I really need that after a hard day’s work. Just to sit back, relax, pour a drink and enjoy the music with your eyes closed. It’s a soothing sensory experience for you, and your ears.

2.     It promotes slow living and compels you to relax and get off your phone

While more than half the music market now is made up of downloaded digital sales and online streaming platforms, vinyl offers something that just can’t be purchased digitally: atmosphere and sensory saturation.

There is something so tactile and tangible about having a physical record to look at and experience rather than being on a blank canvas or just a code.

Music on phone can be disturbed with multiple notifications, calls and messages and ads in the middle of listening to your favourite album can be one of the most annoying things if you are not a premium subscriber to digital platforms. Vinyl has no distractions and its just you and your music. It compels you to sit down and relax and immerse yourself in music without any distractions.

In a ad-heavy market trying to grab your eyeballs at every scroll of a finger, vinyl listening is a rather welcome and a pleasing experience.



3.     Community and connection:

The vinyl collecting community makes oceans smaller and cultures wider. I have discovered so much new music because of this community of India Record Co. This is where vinyl beats the internet; a lot of rare bootlegs, world music, classical music do not reach the downloadable or streaming content online are all available on vinyl and becomes a rare keepsake. Also people who listen to music on vinyl are great people and that is not up for debate.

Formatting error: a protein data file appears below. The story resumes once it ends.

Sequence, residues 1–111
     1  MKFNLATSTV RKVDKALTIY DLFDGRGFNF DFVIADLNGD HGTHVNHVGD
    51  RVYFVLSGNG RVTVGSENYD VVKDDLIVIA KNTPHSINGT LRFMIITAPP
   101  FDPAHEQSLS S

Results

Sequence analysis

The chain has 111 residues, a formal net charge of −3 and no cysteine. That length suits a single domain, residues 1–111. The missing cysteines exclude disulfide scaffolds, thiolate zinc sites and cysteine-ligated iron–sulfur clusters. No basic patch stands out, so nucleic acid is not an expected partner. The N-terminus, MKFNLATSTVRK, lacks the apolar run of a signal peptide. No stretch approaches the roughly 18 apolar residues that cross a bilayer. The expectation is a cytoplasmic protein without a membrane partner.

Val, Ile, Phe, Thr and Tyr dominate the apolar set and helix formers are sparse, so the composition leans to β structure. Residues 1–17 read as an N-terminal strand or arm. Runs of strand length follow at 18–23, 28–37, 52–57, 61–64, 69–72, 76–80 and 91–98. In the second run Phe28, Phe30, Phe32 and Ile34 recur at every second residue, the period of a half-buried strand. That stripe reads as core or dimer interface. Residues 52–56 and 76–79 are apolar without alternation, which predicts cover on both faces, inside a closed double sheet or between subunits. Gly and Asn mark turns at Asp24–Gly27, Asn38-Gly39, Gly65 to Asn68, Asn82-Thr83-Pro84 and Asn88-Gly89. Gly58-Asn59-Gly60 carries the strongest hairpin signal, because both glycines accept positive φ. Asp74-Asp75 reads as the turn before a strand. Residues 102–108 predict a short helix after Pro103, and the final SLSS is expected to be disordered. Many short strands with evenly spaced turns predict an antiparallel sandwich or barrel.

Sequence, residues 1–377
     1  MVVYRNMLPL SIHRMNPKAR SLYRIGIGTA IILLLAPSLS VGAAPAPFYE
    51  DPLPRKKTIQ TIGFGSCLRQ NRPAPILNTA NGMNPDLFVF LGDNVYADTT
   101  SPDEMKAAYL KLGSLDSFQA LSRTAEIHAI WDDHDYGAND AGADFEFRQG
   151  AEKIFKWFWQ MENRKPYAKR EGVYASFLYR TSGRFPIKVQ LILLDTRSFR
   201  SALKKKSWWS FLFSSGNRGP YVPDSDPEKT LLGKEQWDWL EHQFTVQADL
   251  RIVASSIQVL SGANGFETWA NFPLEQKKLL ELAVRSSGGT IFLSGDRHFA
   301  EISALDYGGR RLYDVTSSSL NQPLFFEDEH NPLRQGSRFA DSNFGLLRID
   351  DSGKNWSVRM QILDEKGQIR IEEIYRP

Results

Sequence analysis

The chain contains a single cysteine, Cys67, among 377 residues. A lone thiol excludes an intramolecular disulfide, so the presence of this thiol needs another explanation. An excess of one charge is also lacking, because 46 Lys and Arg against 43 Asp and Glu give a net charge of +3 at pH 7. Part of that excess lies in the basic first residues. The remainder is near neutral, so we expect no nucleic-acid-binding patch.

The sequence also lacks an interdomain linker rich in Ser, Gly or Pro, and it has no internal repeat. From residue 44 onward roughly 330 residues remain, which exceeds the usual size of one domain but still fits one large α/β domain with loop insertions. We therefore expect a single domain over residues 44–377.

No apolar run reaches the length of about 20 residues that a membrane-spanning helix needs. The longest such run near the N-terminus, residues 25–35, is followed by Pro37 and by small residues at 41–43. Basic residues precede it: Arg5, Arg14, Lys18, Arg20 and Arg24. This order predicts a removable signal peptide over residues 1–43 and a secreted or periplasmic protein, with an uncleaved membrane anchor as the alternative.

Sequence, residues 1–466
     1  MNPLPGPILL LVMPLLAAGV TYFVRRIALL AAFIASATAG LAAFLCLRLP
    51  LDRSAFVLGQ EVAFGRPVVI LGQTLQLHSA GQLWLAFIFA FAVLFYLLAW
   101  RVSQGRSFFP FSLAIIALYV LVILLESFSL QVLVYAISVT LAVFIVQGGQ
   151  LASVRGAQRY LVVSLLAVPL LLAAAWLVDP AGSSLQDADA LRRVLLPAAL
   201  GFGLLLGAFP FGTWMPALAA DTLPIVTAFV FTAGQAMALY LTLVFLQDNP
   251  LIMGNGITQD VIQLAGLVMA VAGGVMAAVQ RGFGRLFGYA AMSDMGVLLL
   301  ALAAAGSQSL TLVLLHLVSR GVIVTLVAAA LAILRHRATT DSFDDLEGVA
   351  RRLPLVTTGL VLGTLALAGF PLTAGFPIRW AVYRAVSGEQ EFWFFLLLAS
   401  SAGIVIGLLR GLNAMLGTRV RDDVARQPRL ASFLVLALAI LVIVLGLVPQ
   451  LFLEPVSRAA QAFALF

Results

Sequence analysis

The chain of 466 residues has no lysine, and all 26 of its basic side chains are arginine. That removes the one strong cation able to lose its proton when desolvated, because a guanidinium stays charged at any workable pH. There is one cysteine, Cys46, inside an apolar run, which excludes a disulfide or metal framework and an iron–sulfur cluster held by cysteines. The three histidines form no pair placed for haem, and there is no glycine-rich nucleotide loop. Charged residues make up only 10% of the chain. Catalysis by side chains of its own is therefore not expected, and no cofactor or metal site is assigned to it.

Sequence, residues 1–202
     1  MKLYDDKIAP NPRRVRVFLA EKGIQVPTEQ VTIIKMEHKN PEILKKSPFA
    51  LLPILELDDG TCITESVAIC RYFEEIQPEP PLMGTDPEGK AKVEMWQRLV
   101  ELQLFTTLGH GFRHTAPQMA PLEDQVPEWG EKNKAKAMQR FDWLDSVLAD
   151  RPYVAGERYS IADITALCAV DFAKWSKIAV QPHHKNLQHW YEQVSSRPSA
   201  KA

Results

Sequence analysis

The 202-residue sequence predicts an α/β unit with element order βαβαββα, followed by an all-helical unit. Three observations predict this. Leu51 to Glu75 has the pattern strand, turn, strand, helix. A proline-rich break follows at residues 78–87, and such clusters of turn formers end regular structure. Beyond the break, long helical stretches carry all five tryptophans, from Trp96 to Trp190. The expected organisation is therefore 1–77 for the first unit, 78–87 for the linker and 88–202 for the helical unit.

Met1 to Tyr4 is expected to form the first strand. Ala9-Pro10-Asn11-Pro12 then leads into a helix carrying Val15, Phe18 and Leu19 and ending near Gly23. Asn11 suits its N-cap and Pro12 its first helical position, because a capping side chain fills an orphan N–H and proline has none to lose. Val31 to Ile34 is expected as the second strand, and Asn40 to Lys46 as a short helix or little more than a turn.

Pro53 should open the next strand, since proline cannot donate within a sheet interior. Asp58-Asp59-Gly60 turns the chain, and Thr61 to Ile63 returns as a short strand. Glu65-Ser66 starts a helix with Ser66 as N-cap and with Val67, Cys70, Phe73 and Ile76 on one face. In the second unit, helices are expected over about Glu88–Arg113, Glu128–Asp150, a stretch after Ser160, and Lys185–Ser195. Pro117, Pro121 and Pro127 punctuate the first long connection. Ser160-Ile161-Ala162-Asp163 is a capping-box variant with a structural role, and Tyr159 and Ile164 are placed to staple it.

You really feel connected to a piece of music when you’ve heard it on a vinyl record.


4.     Vinyl helps you build a relationship with your favorite artist


Digital streaming is too easy. In three clicks of a button, you have put on a playlist or an album because you couldn’t think of ‘what to play’ and then one just skips a song or shuffle the album because you can. But the tracking forces you to play your records straight through. You can’t put some shitty mix tape on and skip between it or play it in shuffle mode. I tell all my clients to unlearn their listening styles which is to decide whether they ‘like’ or ‘dislike’ an artist or an album basis one song and sometimes basis the first 30 seconds of one song. That’s not doing justice to the artist.